The bike we had for our review came with the optional Vance & Hines exhaust system. Fire the bike up and the engine wakes up with the quintessential British parallel twin rumble and the exhaust note from the Vance & Hines exhaust makes Mozart feel like Justin Bieber. The stock exhausts emit a great sound track too but these are on a different level of British. They’re not loud, but have a nice purr which is pleasing to the ears. When you’re done admiring the exhaust note just prod the gear lever and it slots into gear, it’s that smooth and easy. The lever itself has very little travel and shifting gears is a treat. The travel is so short that sometimes you could hurt your toe if you prod the lever a little too hard. The moment you take off from standstill you realize there’s ample torque available at a simple twist of the wrist. The Street Twin is not built for top end performance and it makes that extremely clear. It’s the torque it plays with and plays with it brilliantly. There is ample mid-range torque to potter around in third gear at 40kmph. Even taking off from standstill in second gear is not a problem. The assisted clutch ensures twin-finger shifts and helps you look smug as people pass bewildered stares as to how you can be so comfortable on a 900cc bike in Delhi traffic.
Speaking of traffic, the liquid cooled engine does a great job of dissipating heat. Although, it gets pretty warm but is rarely ever uncomfortable as nothing feels like it's on fire. The 41mm Kayaba front forks and twin rear shocks provide 120mm of travel which means even bigger undulations don’t faze the Bonnie nor do our awkwardly oblong speed breakers. Although, with a pillion on, you do need to be weary of the said oblong speed breakers for the undercarriage does tend to scrape with a full load. Once you hit the open road, open the taps and the Street doesn’t hold back, not one bit. The bike surges forward with purpose and gives you a reassuring jolt of torque past the 3200rpm mark. The suspension keeps up well with Indian road conditions and the bike feels surefooted and confident even when gathering speed quickly.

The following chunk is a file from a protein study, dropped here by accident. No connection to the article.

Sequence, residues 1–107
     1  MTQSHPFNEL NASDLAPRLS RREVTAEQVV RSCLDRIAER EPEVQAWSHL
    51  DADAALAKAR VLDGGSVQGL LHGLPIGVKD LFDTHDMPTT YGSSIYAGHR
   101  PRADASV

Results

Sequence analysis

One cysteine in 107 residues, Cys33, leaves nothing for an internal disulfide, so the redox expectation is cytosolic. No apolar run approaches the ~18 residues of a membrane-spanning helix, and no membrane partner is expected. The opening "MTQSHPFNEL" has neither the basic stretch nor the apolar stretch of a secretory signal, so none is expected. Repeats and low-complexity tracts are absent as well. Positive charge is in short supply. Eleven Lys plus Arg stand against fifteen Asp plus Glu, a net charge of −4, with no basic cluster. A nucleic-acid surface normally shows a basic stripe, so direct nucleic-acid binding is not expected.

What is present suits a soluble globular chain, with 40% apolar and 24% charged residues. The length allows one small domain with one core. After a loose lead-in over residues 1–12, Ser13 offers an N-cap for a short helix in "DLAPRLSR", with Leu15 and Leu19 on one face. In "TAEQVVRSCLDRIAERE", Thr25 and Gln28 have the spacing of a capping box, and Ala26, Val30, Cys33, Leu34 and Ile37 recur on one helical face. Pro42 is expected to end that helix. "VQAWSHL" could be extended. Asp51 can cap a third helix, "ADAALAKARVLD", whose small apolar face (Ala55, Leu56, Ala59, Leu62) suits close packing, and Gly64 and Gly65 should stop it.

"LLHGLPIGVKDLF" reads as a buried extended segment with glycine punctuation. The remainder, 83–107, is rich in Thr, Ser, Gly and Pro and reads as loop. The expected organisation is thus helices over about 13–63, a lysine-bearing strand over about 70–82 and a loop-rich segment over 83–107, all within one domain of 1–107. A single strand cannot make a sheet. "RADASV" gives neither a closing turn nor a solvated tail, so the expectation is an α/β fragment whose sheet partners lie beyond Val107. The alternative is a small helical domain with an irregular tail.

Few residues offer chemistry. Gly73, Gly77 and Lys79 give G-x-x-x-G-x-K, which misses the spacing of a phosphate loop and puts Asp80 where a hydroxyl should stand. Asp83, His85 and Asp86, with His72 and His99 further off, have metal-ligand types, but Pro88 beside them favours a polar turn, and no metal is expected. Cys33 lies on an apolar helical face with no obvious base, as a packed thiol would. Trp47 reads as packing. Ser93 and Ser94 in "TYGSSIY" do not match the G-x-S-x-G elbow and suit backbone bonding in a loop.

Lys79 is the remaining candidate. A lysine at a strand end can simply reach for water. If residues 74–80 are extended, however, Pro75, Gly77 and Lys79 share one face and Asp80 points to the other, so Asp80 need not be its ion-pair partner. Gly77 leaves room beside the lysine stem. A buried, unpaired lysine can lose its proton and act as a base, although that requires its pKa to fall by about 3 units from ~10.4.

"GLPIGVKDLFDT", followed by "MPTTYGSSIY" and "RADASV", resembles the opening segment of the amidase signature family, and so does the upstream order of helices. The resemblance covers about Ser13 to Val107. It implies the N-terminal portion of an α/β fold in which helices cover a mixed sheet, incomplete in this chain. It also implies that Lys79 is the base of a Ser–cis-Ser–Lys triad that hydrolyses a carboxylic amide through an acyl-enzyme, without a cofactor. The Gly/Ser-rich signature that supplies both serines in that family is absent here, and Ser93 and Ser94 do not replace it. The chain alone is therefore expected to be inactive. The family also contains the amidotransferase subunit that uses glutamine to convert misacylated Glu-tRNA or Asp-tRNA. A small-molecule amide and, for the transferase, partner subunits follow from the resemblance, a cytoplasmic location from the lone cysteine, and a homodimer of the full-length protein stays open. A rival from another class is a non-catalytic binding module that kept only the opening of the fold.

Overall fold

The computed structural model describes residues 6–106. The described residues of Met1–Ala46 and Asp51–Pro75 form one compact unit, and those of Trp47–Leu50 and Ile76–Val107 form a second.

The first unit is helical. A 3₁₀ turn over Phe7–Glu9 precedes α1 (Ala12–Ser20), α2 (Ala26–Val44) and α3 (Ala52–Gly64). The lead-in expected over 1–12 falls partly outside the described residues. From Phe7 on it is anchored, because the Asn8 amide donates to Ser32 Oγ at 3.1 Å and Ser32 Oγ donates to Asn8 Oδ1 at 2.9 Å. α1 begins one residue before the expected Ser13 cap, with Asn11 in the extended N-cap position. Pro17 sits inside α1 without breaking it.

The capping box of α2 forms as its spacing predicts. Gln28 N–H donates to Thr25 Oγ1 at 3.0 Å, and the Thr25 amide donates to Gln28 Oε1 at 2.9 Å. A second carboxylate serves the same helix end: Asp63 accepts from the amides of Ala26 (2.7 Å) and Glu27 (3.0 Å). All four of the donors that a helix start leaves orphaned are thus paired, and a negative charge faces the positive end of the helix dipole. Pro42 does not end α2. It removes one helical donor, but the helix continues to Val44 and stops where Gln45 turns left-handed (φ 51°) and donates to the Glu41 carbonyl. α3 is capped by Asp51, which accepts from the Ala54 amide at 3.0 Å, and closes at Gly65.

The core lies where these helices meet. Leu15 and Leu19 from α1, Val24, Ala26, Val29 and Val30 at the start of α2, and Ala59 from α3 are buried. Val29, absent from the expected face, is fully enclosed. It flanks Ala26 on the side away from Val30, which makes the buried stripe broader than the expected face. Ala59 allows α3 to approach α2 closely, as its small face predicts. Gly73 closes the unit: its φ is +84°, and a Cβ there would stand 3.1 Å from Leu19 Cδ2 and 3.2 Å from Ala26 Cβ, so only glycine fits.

Throw it into a corner and it complies without any hesitation, don’t get me wrong here, it doesn’t handle like a superbike but is probably one of the best handling modern classic out there. The slightly low set handlebars mean you can hang off without feeling awkward and though the grip from the Pirelli Phantoms is adequate, it could’ve been better. A set of Metzelers would work wonders for the Street Twin’s handling, though they will spoil the classic look, so in that sense the Phantoms are the best compromise. The brakes work well too and provide plenty of stopping power despite the Street Twin employing a single disc up front. The feel however is less and you really need to squeeze that lever if you want to brake hard.
But then again, this isn’t that sort of a motorcycle. It’s the kind that you can ride to work every day and when you get tired of that slap on saddle bags pick up your rucksack and hit the road. This bike is meant to be ridden all day and it does that with a smile on its face and dead insects in its teeth. In other words it’s a true Bonneville.